Budget and Goodyear sued Hoffman for payment of the car rental and tires. Is Hoffman liable on his oral promise to pay for the car rental and the four new tires? Why or why not?
Shane Quadri contacted Don Hoffman, an employee of Al J. Hoffman & Co. (Hoffman Agency), to procure car insurance. Later, Quadri’s car was stolen on October 25 or 26. Quadri contacted Hoffman, who arranged with Budget Rent-a-Car for a rental car for Quadri until his car was recovered. Hoffman authorized Budget Rent-a-Car to bill the Hoffman Agency. Later, when the stolen car was recovered, Hoffman telephoned Goodyear and arranged to have four new tires put on Quadri’s car to replace those damaged during the theft. Budget and Goodyear sued Hoffman for payment of the car rental and tires. Is Hoffman liable on his oral promise to pay for the car rental and the four new tires? Why or why not?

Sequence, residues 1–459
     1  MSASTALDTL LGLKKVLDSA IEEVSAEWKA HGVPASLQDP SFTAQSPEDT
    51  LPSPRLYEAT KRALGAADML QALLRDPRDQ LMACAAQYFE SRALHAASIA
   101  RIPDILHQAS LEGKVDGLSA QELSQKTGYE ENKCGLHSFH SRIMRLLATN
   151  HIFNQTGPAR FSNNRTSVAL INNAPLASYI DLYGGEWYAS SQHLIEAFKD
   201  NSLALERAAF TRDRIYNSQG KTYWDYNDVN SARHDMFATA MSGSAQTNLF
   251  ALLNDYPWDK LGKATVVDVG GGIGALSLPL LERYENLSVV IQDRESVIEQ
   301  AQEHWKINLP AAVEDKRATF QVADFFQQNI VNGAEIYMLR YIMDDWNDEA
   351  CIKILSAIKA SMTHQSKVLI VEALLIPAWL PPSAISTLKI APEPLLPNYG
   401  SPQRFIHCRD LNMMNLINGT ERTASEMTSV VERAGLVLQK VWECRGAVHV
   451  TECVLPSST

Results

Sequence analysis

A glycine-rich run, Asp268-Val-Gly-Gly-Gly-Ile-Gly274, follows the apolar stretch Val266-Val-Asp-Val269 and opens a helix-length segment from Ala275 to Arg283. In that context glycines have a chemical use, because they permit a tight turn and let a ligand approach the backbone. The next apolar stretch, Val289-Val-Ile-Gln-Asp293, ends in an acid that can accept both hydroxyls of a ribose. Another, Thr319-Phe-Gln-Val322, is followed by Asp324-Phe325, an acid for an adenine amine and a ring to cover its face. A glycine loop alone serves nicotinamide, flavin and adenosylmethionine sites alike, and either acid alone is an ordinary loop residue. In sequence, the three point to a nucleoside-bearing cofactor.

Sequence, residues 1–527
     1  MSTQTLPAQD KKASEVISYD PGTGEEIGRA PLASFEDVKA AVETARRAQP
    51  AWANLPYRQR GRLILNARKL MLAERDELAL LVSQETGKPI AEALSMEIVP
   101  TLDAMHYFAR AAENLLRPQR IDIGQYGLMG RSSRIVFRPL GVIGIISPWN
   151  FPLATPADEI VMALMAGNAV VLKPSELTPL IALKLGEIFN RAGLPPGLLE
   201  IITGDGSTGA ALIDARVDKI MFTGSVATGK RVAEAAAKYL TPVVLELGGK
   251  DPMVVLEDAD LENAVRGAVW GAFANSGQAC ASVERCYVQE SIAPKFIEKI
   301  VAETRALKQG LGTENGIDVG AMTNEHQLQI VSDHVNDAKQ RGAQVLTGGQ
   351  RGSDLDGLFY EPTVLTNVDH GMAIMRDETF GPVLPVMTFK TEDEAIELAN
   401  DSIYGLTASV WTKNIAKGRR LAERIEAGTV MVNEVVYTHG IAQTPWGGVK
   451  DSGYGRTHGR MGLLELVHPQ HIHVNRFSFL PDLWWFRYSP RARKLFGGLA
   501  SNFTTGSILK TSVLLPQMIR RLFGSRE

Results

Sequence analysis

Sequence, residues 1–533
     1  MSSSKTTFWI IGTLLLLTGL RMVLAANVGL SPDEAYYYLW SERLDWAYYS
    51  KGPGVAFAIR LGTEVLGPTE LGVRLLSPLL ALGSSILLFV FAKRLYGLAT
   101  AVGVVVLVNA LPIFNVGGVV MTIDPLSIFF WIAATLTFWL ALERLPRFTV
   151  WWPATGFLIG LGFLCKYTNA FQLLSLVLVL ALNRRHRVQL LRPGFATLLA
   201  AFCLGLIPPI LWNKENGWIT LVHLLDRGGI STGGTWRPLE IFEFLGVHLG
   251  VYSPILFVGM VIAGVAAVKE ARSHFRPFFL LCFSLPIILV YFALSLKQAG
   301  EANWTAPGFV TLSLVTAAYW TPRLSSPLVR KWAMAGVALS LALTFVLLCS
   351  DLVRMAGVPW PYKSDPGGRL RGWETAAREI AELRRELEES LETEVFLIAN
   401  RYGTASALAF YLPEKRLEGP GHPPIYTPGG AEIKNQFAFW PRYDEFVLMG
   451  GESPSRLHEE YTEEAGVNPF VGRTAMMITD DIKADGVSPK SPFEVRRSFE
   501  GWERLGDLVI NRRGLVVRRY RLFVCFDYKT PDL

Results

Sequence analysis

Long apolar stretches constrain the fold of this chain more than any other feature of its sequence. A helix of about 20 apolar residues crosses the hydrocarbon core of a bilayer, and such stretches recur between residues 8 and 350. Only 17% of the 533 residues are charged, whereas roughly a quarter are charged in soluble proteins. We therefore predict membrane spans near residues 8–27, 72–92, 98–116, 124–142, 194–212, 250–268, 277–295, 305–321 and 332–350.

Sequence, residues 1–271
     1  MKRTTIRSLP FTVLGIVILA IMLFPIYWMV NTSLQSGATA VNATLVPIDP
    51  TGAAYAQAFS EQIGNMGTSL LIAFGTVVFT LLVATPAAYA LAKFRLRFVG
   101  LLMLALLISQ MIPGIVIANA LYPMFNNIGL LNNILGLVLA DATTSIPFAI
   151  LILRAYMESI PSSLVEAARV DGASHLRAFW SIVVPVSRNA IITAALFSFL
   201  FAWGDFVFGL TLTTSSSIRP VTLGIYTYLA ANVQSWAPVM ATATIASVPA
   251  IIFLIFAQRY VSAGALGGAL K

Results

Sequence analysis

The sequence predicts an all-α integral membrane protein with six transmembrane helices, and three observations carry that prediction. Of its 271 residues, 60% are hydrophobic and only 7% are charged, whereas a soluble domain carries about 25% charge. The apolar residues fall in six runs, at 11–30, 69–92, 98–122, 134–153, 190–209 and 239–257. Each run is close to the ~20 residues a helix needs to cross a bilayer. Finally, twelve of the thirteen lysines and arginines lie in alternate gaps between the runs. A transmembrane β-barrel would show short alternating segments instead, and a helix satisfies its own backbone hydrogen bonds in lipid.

By inscribing the lease contract and tax statement, Person Q may have simply secured the benefits of the transactions sanctioned by Person D. As the acclaim was elongated solely to the company H, the law may not be applicable to the verbal oath of Person D. Henceforth, the action may be bonafide against Person D.
Here the settlement may be made against Person D. Even though the law of frauds makes unlawful verbal agreements to pay the dues of a third person, it may not apply to the original pledge that involves paying for services provided to a third person. Person D may have initiated the deal with Person B and Person G through a phone call, specifying that Person Q was protected, and may have approved the schedule of Company H.